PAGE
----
I've had red hair before - for over a year. Every 8 weeks I'd do my roots and bring the color down into my ends to brighten up my whole head of hair. It looked good until I got a bad box of Feria (or was it Garnier?) and it looked like I poured red Kool-Aid on my hair. Rather than trying to fix that, I decided to go brunette. It seemed like a good idea at the time. And here I am, months later trying to get back to a red that I like that doesn't look like clown hair.
I thought I'd finally accomplished my aim when I fixed what the salon had wrought, but it too faded over time and was pulling pink with brown tips. I was nearly ready to give up when Alan convinced me to try Lush Cosmetics' Caca Rouge Mama henna dye. While we eat fairly clean, and I'm generally not a fan of synthetics or chemicals, this tends NOT to apply to my hair choices so I've never considered going the all-natural route with my hair color. I guess I just thought that nothing would be as effective as the ones that smell really bad and make your eyes water. I've since I've been coloring my hair since I was 17 or so, I pretty much have a routine down. But this henna thing? Yeah, that was a whole other story.
First of all, it comes in a giant brick. It looks like a Hershey bar on steroids.
Second of all, the directions aren't all that great. Cut, mix with hot water in a double boiler until a paste, apply. Um, how much water? What if you don't have a double boiler? How thick a paste? I love Lush but their directions leave something to be desired. I consulted my friend Google and put together a paste that was about as thick as toothpaste. I laid down a dark blue towel (from our wedding registry 11+ years ago), and covered the granite countertops in our bathroom with newspaper. This is where it gets tricky. You see, putting that stuff on your hair is HARD. It's essentially mud. And there's really no easy or elegant way to coat your hair in mud in any sort of consistent state. I started by sectioning my hair and applying it to my roots (about 1/3 inch of growth) with a spoon. They do recommend a dye brush if you have one. I don't, so I got creative. I didn't have too many drips as others reported, but I also wasn't having quite an easy time coating my hair the way my internets told me too. I diluted the mixture a bit more and started putting it from root to ends. Again not very easy. At one point I was leaning over the sink and just pouring the bowl over my head to coat as much as possible. At other times I was scooping it into my hands and rubbing it into my hair like shampoo. I'm not sure I ever found a "good" technique for covering my hair, but eventually I was happy with the coverage.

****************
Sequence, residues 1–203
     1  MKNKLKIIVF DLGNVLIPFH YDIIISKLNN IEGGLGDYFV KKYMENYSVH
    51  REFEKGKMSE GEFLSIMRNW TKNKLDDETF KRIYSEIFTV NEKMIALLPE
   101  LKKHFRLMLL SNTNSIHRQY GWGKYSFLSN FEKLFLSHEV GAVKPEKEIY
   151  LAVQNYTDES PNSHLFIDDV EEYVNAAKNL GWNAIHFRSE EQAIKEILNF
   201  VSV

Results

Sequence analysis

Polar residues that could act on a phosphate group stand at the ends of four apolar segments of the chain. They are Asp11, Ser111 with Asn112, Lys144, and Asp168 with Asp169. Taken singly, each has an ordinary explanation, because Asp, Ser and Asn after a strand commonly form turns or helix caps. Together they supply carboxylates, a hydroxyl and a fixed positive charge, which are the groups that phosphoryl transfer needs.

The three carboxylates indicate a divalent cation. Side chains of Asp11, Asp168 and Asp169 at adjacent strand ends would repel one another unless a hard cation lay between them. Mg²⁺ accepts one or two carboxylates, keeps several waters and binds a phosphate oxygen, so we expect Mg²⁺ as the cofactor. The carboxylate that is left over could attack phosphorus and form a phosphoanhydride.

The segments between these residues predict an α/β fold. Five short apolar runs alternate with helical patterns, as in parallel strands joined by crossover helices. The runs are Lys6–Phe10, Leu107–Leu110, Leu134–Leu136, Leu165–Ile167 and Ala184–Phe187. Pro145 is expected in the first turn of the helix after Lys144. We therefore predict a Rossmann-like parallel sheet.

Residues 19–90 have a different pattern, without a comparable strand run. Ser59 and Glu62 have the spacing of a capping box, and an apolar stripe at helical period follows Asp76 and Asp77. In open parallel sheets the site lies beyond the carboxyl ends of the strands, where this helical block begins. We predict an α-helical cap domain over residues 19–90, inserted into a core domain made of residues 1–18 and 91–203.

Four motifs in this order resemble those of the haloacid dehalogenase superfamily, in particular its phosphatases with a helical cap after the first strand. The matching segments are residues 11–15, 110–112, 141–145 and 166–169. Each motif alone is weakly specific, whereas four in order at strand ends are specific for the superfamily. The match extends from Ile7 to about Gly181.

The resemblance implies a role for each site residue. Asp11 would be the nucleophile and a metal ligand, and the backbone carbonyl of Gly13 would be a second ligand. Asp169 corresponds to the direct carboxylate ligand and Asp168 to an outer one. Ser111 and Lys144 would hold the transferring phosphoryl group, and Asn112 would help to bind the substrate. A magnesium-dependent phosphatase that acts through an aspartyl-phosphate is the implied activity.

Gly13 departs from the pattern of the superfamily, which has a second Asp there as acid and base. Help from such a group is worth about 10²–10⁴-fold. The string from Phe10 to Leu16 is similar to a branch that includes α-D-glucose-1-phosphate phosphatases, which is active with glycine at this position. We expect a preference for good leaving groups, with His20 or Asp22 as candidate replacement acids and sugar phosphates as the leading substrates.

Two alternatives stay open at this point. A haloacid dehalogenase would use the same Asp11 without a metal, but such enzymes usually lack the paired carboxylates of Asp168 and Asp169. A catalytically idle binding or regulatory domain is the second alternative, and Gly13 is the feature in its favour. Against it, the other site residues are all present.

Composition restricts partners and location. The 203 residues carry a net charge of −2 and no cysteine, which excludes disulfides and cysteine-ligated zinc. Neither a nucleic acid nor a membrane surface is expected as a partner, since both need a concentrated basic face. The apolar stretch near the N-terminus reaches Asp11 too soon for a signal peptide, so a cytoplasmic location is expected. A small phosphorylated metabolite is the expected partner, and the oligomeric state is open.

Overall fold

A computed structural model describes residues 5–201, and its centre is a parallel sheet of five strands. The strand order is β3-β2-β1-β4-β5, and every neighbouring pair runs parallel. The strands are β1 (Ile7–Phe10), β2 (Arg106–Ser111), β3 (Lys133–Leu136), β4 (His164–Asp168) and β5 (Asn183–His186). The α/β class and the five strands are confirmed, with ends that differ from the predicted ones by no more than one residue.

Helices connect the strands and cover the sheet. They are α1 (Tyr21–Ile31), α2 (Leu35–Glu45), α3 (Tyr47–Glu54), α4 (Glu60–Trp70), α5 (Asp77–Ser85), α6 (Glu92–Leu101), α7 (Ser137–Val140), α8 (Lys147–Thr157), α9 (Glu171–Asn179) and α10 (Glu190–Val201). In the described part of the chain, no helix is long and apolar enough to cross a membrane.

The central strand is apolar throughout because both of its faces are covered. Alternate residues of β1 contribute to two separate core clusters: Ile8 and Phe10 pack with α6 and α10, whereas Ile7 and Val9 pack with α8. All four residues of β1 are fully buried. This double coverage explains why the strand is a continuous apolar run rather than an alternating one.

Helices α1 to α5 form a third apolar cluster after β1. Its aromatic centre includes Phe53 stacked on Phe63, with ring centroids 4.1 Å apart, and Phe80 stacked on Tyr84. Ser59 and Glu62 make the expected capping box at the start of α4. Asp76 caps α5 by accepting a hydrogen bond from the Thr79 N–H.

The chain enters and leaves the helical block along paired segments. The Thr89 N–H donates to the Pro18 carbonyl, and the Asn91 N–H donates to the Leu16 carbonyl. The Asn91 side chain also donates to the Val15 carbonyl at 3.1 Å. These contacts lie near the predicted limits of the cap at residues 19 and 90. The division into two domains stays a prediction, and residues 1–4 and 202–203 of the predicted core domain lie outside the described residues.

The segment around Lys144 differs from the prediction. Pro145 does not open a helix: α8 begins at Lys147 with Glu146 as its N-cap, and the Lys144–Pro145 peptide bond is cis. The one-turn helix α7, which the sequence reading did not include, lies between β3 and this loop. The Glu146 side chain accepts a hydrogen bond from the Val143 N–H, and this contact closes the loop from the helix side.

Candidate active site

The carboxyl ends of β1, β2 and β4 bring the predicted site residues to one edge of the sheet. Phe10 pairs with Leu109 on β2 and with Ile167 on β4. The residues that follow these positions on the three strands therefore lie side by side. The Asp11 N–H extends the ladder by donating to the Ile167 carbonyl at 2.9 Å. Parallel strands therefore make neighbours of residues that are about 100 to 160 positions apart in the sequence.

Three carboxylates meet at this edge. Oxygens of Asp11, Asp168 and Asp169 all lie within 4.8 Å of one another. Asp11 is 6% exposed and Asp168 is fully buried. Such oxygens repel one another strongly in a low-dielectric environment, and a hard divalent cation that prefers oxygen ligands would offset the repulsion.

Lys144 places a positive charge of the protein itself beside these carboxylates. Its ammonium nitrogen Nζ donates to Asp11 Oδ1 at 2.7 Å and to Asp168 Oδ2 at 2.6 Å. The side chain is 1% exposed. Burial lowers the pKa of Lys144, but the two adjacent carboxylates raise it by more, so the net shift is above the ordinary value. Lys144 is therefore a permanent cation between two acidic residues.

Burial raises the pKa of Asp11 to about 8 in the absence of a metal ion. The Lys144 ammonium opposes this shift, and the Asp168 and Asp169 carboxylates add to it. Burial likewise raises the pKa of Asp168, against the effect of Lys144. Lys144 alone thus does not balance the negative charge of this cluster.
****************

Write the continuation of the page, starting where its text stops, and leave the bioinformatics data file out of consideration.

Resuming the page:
This is someone who did a much better job than I did of achieving even, full coverage.
From there I wrapped my hair in a plastic bag (this is going to be harder and harder since my county has banned them) and put a shower cap on to wait. Other users recommend waiting anywhere from one to six hours; some even suggest leaving it on your head overnight. Since this was the first time I was using it and I already had a red base to work with I left it on for 3.5 hours. When it came time to rinse my hair I was cackling like a deranged witch. I looked like one too. It took about ten minutes to rinse my hair clean of ... debris. At that point my hair felt horrible - dry, brittle, and gnarly. I'm sure I was minutes away from having full on dreads. I loaded my hair up on L'oreal conditioner and let it sit on my head for about five minutes. From there I rinsed and hoped for the best.
Overall, I really like it. I'm curious to see how it fades. I read that the color will intensify the first few days due to oxidation, so we'll see what happens. In the meantime, this is MUCH closer to the color I originally asked for from the salon. I'm really confused how the professional told me the only way to lighten my hair would be to bleach it, but this henna treatment clearly lightened the plum red she put in my hair and then the intense red I used to cover that when it turned pink and purple. Alan thinks it looks really natural and he seems generally pleased. I did tell him that next time I apply the henna I'll need his help to make sure that I get everywhere. I don't know that I'll say I'm a lifetime convert (after all, I used to swear by Feria), but I'm very pleased with this first use of Lush's caca rouge. We've been using the company's face wash (Herbalism and Angels on Bare Skin) for years almost exclusively, so it's safe to say that I'm definitely a fan.